Safety & Violation

Reading Time: 4 minutes

Getting behind the wheel is a privilege requiring great responsibility. After all, you’re cruising down the road in a giant hunk of metal — something that could cause serious harm if you’re not paying attention! Each state has different sets of laws dictating its safety and violations. Yet, there are similarities across the United States.

On the page, you’ll find an explanation of the safety violations, traffic tickets, DUI/DWI laws, and other important legal information worth knowing when driving a vehicle.

State Point Systems and Traffic Tickets

It may come as a shock when you receive a ticket or are rightfully justified because of improper driving. All the details of your traffic fine will show on the ticket – giving you a better understanding of how and why you got it.

AlabamaIdahoMinnesota North DakotaVermont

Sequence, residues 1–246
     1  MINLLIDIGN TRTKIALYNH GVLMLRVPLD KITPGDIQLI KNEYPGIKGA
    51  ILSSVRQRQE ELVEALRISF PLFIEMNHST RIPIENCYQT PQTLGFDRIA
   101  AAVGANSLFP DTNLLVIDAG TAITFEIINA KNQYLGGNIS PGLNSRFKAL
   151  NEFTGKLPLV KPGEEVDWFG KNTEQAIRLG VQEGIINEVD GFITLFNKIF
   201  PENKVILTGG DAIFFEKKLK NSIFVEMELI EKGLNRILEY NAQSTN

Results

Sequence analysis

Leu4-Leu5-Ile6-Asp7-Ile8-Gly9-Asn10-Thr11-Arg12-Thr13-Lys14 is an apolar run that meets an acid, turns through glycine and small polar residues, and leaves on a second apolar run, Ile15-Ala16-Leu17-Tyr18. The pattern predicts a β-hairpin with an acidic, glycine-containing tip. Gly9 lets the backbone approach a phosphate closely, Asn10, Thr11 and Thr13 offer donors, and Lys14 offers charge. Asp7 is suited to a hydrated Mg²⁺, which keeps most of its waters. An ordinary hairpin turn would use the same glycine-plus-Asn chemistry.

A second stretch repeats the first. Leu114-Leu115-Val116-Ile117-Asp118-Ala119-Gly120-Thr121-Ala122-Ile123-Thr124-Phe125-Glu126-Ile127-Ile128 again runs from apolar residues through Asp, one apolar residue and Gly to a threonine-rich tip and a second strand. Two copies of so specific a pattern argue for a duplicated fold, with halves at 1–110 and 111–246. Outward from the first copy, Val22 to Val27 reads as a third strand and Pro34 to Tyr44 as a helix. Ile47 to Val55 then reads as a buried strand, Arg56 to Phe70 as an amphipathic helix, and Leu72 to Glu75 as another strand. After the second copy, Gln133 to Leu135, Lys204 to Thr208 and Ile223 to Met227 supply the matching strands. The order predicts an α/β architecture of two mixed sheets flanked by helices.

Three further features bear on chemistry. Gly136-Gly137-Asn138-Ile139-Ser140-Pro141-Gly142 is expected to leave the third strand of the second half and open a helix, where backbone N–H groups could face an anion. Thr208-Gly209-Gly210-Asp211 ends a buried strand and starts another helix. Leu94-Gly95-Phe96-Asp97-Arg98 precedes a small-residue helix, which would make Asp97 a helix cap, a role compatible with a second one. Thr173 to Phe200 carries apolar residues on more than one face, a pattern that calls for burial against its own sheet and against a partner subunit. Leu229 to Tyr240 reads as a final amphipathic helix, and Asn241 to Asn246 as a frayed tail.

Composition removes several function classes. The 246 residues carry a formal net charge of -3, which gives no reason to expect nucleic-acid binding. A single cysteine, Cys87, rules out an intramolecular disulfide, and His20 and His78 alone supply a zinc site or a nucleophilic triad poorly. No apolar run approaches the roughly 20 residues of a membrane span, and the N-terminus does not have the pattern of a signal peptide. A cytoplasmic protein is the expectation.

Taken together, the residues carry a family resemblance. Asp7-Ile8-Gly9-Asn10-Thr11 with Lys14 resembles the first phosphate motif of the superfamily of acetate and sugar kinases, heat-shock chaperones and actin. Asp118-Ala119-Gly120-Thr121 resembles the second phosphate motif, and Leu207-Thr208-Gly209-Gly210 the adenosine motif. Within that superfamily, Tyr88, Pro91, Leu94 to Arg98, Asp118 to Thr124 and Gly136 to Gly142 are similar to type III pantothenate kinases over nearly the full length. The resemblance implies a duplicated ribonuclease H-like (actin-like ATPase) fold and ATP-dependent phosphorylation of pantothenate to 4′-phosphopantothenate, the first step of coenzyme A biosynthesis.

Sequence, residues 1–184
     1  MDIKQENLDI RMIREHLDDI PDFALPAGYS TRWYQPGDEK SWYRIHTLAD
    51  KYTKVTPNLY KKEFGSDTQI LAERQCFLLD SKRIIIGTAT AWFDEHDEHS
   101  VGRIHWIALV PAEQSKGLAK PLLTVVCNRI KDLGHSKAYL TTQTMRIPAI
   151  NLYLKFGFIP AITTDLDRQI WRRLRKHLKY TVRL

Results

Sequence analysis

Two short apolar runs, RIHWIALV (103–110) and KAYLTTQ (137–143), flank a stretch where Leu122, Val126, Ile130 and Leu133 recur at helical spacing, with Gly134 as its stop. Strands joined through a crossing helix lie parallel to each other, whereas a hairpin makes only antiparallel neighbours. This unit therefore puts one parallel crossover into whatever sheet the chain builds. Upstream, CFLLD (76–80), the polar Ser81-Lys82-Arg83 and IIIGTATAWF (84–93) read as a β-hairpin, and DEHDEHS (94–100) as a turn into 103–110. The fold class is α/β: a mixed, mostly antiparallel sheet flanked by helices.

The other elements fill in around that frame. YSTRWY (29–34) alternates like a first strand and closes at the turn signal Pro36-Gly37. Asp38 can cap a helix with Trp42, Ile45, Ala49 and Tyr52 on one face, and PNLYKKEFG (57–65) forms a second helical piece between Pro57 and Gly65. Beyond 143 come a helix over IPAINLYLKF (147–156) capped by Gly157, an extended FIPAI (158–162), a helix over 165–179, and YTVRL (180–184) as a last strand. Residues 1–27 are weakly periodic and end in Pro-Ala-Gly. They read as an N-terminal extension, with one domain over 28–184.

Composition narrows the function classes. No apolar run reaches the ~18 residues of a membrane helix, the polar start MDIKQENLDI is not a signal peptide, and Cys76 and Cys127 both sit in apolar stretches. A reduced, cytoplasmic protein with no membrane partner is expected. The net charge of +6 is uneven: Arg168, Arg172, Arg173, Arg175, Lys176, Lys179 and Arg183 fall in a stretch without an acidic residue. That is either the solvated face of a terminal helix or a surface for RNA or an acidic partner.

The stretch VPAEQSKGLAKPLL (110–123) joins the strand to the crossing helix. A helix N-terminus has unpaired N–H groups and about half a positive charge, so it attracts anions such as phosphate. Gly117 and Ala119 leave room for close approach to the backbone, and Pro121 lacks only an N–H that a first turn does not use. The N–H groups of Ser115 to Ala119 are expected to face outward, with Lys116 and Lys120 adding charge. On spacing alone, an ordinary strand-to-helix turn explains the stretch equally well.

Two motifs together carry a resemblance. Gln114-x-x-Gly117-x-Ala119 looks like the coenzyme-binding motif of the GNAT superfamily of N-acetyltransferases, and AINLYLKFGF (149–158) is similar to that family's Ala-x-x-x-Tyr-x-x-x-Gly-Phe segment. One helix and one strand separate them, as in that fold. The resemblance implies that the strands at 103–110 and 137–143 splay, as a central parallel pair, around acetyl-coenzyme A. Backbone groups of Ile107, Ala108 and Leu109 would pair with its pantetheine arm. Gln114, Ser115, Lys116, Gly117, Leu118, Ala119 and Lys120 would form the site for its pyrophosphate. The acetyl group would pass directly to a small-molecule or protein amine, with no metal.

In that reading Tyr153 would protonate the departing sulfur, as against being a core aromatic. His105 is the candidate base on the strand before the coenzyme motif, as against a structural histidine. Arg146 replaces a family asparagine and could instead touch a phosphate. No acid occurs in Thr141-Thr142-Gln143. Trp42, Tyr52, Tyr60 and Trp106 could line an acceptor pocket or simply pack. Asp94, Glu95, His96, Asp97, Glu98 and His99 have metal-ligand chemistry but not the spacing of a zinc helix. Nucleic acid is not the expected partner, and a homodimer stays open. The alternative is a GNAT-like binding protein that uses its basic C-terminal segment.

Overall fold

ArkansasIowaMontanaOregonWest Virginia
ColoradoKentuckyNevadaRhode Island Wyoming
ConnecticutLouisianaNew HampshireSouth Carolina
DelawareMaineNew JerseySouth Dakota
FloridaMarylandNew MexicoTennessee
GeorgiaMassachusettsNew YorkTexas
HawaiiMichigianNorth CarolinaUtah

The apparent solution is practicing safe and defensive driving. Yet, we all make mistakes, and sometimes we have a momentary lapse in reason.

You may choose to plead guilty to the ticket, incurring a fine and points on your record. Or, fight the ticket and go to trial on your own or with the help of a traffic attorney. This choice is up to you, and it’s better done after you understand why you received the penalties.